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Cross-country bicyclist raises awareness and connects with local advocate for fetal alcohol spectrum disorder

Emmaus Holder, left, is pictured with fellow FASD advocate Marilyn Fausset, who invited him to stay at her house in Boulder on his cross-country trek. (Dana Cadey / For the Camera)
Emmaus Holder, left, is pictured with fellow FASD advocate Marilyn Fausset, who invited him to stay at her house in Boulder on his cross-country trek. (Dana Cadey / For the Camera)

Most college students wouldn’t think to spend their summer vacation riding their bike across the country — through intense heat and rugged terrain — and conducting research along the way. Emmaus Holder, however, is not like most students.

Beginning in North Carolina and ending in Los Angeles, Holder’s 4,000-mile-trip has one purpose: to raise awareness for fetal alcohol spectrum disorder.

The disorder is a result of brain damage that can develop if a mother consumes alcohol during pregnancy. Since it is a spectrum, FASD develops differently for every person, and symptoms do not necessarily manifest physically.

Emmaus Holder, 19, stands with the bike that has taken him over 2,000 miles on his cross-country journey to raise awareness for fetal alcohol spectrum disorder. (Dana Cadey / For the Camera)

Marilyn Fausset, a local advocate for FASD, emphasizes the “unseen” nature of the disorder. She says that despite serving as a special education teacher for multiple years, she rarely heard anyone discuss it.

“(FASD) is the leading cause of developmental disabilities, and yet people don’t know about it,” Fausset said. “The main thing we need to do is make people aware of it.”

Holder is a sophomore and sociology major at the University of North Carolina at Chapel Hill. The 19-year-old pitched his cross-country ride as a research opportunity and was granted a scholarship from his school. Over the course of his trip, Holder is asking people questions about their own experiences with FASD and how they think institutions can improve.

“Just starting the conversation is the first step in poking the beast that is a failing medical system and, really, a mental health crisis,” Holder said .

Bringing greater awareness to FASD is a cause close to Holder’s heart. His family adopted a pair of brothers four years ago, both of whom are affected by the disorder. Holder says that having family members with FASD significantly opened his eyes to the struggles that come with it.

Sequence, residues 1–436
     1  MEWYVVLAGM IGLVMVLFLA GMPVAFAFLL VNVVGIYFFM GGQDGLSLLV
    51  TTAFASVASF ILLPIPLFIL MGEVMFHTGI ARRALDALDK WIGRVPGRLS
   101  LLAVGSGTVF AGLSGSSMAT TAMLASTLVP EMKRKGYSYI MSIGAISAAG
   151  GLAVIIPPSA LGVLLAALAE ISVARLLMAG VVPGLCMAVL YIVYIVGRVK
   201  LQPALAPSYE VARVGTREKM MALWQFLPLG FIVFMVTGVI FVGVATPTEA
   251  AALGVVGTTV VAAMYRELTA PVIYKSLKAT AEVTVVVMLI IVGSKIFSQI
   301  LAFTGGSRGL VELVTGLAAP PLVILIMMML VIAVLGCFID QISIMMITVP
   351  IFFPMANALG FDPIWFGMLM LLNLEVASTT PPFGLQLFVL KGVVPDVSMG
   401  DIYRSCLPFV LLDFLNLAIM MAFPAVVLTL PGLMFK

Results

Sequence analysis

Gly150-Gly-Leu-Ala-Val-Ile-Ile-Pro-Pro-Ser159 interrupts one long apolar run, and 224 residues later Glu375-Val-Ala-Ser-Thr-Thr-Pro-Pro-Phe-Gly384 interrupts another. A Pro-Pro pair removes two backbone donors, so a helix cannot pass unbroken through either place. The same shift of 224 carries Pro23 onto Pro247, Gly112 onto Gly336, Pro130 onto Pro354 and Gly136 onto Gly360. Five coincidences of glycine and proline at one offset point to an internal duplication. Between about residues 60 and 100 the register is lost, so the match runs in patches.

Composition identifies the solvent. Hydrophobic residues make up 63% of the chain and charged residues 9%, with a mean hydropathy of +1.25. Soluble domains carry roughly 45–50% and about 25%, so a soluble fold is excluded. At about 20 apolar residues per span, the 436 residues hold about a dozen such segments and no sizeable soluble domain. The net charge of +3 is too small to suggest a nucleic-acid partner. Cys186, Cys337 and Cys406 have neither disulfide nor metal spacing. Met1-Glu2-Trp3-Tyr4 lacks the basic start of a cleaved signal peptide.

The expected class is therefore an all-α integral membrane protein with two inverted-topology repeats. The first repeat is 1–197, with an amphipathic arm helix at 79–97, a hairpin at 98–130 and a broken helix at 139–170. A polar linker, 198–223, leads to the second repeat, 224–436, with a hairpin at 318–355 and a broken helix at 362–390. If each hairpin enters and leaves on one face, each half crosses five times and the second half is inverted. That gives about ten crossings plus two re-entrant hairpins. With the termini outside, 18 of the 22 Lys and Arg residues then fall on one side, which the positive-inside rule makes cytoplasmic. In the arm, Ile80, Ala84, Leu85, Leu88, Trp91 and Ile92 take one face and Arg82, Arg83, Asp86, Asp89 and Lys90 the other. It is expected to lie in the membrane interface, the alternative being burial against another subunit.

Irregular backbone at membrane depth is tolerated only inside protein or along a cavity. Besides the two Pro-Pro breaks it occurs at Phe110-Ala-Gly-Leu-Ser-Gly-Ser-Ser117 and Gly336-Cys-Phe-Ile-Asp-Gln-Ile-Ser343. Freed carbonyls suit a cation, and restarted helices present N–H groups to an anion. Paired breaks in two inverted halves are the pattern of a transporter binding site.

“A lot of the challenges they have stem from impulse control, aggression and inability to control extreme emotions,” explained Holder.

Holder made it to Boulder on June 17 at the end of another long day of biking. Upon his arrival in the city, he met Fausset, who had agreed to accommodate him for the night and also serve as another source for his research.

Fausset is involved with multiple FASD advocacy and awareness groups, many of which are local to Colorado. Fausset became interested in Holder’s journey after a member of one of these groups told her that he would be passing through Boulder. Fausset saw this as an opportunity to connect with a fellow advocate.

“(Holder) is helping to spread awareness, so we have the same mission,” Fausset said.

Fausset’s experience with FASD shares a few similarities with Holder’s. She adopted two children from Russia who were each affected by the disorder, one experiencing some behavioral issues while the other struggled more academically.

While Holder’s foremost concern is raising awareness, he still tried to make his trip as scenic as possible. His route has taken him through East Coast beaches and Midwestern farmland, and his final few legs will take him past the Grand Canyon and through Joshua Tree National Park.

“I’ve wanted to do a bike trip for a really long time,” Holder said. “I thought about doing one across Europe, but COVID kind of shut that down for the summer. So I considered the option of doing one (in the U.S.) instead.”

One day of biking lasts about 12 hours, with breaks only for eating. Holder says he fights boredom with music playlists, audiobooks and phone calls.

Holder wants to publish his research in the future, which he hopes will prompt greater awareness of FASD within the medical community in particular. Fausset also says that she plans to stay in touch with Holder going forward.

“It’s great to see somebody younger who’s an active advocate,” she said.

Despite a few technical stumbling blocks, like when a shattered bike bolt left him briefly stranded in southern Illinois, Holder says the main takeaway from his ride has been the “outpouring of support” he has received. The one-person tent he carries with him hasn’t seen much use due to how many people have offered him places to stay.

“It’s a good reminder of how good people are in this country, and how kind and welcoming so many people can be,” Holder said.

More information

For more information about FASD and how to prevent it, visit